El Muerto: The Ghostly Ride of the Headless Horseman

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Ghost stories abound through centuries and generations. From medieval ages through modern times, ghost stories have captured the attention and imagination of fright-seeking fans and campfire kids. All ages and all cultures hesitantly partake. Whether you believe in ghosts or not, both skeptics and believers agree, ghost stories are unbelievable! However, when it comes to credibility, can you really doubt the ghost story when the source is an officer of the law? Make that two—two Texas Rangers–Creed Taylor and Bigfoot Wallace.

creed_taylor el muerto 680
Photo: texianlegacy.com

At the age of 15, Creed Taylor was already on his way to becoming a Texas hero. He helped defend the cannon at Gonzales, Texas from the Mexican army. Their flag flew with the battle cry “Come and Take It.” He participated in the Siege of Bexar. After the fall of the Alamo, he led his family to safety during the Runaway Scrape. Then he joined General Sam Houston’s Texian forces in San Jacinto to defeat Santa Anna.

Bigfoot Wallace, a.k.a William Alexander Anderson Wallace, came to Texas in 1837 to avenge the deaths of his brother and cousin who had been killed at the Battle of Goliad. He spent time in a Mexican prison where prisoners drew white and black beans to determine who would be executed or released. He drew gray and was set free! He also fought in several battles for Texas independence and had a colorful and illustrious career long before he joined the Texas Rangers and commanded his own ranger company.

bigfoot wallace- el muerto 680Photo: history.com

In the 1850s, Texas was still the wild, wild, west frontier. After the battles for Texas independence, skirmishes still raged daily with villainous Mexican and Comanche raiders. The Texas Rangers provided law and order. They chased outlaws, savages, murderers, criminal desperados, horse thieving culprits, and cattle rustlers. While Creed Taylor was out chasing Comanche raiders, Vidal, a well-known Mexican bandito, stole some of his prized mustangs. Taylor and a neighboring rancher by the name of Flores were quick to get on their trail. Along the way, they met Bigfoot Wallace and the three tracked Vidal, his bandits, and the horses.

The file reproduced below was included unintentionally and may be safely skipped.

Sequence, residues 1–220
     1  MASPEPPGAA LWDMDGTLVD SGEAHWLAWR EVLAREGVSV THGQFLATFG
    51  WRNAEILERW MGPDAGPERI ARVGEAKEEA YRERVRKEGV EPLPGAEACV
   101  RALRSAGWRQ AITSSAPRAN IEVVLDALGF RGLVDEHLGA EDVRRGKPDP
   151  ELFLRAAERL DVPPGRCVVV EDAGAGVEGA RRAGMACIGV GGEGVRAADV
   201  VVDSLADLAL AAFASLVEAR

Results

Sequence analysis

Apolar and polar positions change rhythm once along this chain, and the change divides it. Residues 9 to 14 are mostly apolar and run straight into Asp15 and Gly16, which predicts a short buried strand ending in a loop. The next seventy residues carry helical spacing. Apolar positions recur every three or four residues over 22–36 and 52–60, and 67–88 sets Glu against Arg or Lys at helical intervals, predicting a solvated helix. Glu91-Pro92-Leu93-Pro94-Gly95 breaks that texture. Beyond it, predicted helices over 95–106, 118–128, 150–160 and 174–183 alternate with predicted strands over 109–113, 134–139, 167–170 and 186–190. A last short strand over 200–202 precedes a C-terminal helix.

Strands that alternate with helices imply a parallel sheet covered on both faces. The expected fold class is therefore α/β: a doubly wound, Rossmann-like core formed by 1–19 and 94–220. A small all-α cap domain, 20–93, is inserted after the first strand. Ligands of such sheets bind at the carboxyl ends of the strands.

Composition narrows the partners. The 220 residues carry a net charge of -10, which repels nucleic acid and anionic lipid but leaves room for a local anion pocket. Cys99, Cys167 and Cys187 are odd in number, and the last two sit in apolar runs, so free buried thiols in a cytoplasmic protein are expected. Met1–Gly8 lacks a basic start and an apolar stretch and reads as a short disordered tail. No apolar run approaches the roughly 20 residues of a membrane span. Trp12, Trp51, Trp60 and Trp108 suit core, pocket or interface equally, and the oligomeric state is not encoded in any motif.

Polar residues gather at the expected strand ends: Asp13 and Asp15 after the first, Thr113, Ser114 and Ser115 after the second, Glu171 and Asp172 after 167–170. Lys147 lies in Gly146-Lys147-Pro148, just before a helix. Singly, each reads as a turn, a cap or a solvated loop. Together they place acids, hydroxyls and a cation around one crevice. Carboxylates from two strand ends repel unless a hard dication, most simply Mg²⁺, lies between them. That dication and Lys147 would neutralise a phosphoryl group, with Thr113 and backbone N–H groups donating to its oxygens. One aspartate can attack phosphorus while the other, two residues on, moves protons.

When the three caught up with the outlaws, somehow it was not enough to just kill them. They wanted to set an example and send a message to future thieves. Creed and Wallace beheaded Vidal. They fixed his sombrero to his severed head and tied it so that it would dangle from the side of his saddle. His torso was set upright upon a wild mustang. Before long, stories began to surface about a headless horseman riding through remote sections of South Texas. Because Texas was predominantly Spanish-speaking at the time, the phenomenon was called El Muerto-the Dead One.

El MuertoPhoto: Flickr/Michael F

Eventually, a group of ranchers captured the pony near Alice, Texas in Jim Wells County. They removed Vidal’s skeletal remains for burial. The end.

Not quite! After the burial, soldiers near the Uvalde area reported seeing a headless rider. A couple near San Diego, Texas camping beside their covered wagon in 1917 reported seeing a headless rider speed by on a gray horse. And in 1969, a sighting was reported near Freer, Texas.

Needless to say, both Creed and Wallace had seen more than enough death. They had plenty of occasions to see ghosts. Whether they did or did not believe in them, they nevertheless created one ghoulish, gruesome, spine-chilling ghost for the ages with their headless horseman-El Muerto!